Simple factory for shared Properties instances. Allows for central setup of Properties via the “props” element in XML bean definitions.

    <bean id="employee" class="com.kruders.bean.Employee">
       <property name="name" value="Puneet" />
       <property name="phone">
            <bean class="org.springframework.beans.factory.config.PropertiesFactoryBean">
                <property name="properties">
                    <props>
                        <prop key="Home">01123232322</prop>
                        <prop key="Mobile">9239232922</prop>
                    </props>
                </property>
            </bean>
       </property>
   </bean>

Click Here for source code.

Properties Util

Another custom namespace utility for creating properties. It uses Spring FactoryBean implementation, the PropertiesFactoryBean, to instantiate a java.util.Properties instance with values loaded from the supplied Resource location.

    <bean id="employee" class="com.kruders.bean.Employee">
       <property name="name" value="Puneet" />
       <property name="phone">
            <util:properties>
                <prop key="Home">01123232322</prop>
                <prop key="Mobile">9239232922</prop>
            </util:properties>
       </property>
   </bean>

Click Here for source code.

5. Injecting Bean References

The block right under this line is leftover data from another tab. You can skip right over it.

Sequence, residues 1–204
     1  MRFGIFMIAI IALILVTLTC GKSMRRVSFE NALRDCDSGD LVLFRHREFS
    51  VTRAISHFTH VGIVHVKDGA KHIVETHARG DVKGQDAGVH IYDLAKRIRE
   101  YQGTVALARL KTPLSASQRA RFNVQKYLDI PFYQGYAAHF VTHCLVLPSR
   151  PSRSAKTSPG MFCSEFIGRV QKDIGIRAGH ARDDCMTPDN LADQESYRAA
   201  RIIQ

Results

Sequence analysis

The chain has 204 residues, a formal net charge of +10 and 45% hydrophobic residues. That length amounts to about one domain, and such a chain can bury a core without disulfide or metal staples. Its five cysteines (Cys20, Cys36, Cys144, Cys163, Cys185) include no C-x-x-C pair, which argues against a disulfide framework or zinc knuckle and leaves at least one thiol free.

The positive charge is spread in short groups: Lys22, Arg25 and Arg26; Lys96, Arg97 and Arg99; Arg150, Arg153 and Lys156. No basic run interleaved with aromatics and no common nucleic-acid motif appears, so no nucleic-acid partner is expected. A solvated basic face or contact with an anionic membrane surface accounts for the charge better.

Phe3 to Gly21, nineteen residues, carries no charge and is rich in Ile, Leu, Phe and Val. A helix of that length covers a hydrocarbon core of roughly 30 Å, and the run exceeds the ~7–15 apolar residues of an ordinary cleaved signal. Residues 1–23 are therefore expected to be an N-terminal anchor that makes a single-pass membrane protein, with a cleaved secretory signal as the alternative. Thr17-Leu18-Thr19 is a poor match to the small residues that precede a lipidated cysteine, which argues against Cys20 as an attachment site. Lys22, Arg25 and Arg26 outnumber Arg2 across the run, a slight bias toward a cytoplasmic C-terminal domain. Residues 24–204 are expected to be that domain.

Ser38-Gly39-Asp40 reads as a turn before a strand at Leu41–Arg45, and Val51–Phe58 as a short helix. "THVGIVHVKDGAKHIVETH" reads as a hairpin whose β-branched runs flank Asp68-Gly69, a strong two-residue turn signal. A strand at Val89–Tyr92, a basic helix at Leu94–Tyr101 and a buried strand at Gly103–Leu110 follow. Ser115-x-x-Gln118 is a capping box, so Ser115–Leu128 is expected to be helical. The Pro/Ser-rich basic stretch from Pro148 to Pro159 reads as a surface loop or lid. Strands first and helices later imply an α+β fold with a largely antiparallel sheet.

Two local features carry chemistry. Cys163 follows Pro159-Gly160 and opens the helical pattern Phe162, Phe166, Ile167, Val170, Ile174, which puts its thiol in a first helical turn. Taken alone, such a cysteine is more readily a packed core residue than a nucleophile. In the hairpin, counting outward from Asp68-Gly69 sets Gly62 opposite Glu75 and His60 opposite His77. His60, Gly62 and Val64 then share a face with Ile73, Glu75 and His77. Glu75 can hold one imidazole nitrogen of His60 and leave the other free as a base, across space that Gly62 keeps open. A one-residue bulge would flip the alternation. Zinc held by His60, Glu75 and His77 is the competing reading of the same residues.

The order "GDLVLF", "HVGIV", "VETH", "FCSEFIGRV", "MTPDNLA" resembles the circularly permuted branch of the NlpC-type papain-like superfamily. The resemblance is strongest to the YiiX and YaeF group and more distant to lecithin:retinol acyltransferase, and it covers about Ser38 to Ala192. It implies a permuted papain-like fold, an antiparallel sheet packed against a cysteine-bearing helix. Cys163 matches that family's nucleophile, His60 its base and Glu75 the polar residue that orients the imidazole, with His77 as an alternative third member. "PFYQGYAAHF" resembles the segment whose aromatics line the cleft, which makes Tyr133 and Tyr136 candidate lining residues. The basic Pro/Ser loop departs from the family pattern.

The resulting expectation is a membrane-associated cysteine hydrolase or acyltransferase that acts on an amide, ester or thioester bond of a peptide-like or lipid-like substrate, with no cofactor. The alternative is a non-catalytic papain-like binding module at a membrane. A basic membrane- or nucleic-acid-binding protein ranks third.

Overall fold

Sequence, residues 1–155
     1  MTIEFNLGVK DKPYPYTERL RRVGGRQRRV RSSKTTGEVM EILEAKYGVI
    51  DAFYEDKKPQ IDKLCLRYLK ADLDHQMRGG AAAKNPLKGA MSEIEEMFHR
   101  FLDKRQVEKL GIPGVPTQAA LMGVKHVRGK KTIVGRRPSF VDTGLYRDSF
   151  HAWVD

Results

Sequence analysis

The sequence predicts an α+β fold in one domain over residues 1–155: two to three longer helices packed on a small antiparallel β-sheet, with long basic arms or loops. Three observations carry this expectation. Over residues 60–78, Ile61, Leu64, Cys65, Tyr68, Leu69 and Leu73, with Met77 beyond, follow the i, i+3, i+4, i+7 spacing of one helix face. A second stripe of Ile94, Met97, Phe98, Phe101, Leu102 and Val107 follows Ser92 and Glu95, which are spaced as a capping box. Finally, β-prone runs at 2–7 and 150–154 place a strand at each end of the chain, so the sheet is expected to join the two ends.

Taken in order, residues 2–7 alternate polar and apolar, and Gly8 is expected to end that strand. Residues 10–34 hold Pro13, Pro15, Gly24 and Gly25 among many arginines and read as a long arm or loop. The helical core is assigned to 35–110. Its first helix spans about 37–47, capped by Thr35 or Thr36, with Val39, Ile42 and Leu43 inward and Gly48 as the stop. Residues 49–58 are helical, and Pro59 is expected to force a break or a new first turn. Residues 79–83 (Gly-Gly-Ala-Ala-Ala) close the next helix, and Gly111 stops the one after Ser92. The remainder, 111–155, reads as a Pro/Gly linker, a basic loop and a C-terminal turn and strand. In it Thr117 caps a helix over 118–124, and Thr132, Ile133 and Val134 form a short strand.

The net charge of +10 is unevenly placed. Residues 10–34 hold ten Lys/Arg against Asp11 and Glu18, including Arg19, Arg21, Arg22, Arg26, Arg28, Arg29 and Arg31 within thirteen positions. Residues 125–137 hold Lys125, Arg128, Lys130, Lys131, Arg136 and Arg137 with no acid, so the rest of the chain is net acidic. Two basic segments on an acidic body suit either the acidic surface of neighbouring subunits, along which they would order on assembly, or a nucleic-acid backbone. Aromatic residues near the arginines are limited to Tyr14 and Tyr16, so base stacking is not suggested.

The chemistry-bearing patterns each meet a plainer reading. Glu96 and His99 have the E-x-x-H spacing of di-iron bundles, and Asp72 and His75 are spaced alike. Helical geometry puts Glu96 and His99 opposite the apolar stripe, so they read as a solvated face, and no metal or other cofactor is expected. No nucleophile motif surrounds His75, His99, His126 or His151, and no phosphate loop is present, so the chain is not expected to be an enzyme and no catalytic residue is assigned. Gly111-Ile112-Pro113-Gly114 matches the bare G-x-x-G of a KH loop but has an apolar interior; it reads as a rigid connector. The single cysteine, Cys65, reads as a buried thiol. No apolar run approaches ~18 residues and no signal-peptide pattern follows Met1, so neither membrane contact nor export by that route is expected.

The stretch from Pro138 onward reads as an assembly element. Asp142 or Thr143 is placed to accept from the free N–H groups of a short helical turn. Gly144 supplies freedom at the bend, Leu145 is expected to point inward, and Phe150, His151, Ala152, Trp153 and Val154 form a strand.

You can also inject bean references as one of the collection’s element. You can also put bean reference and values together.

<?xml version="1.0" encoding="UTF-8"?>
<beans xmlns="http://www.springframework.org/schema/beans"
	xmlns:xsi="http://www.w3.org/2001/XMLSchema-instance"
	xsi:schemaLocation="http://www.springframework.org/schema/beans http://www.springframework.org/schema/beans/spring-beans.xsd">

	<bean id="employee" class="com.kruders.bean.Employee">
	   <property name="name" value="Puneet" />
	   <property name="lists">
       	<list>
           <ref bean="address"/>
           <bean class="com.kruders.bean.Address">
				<property name="city" value="Banglore" />
				<property name="country" value="India" />
		   </bean>
        </list>
      </property>
   </bean>
   <bean id="address" class="com.kruders.bean.Address">
		<property name="city" value="Delhi" />
		<property name="country" value="India" />
   </bean>
</beans>

6. Wiring nothing (null)

Some bean may themselves set a property to a non-null default value. So, for reason if you want that property to be null, you must explicit wire null to that property. So, Spring can wire a null for you.

<propertyname="someNonNullProperty"><null/></property>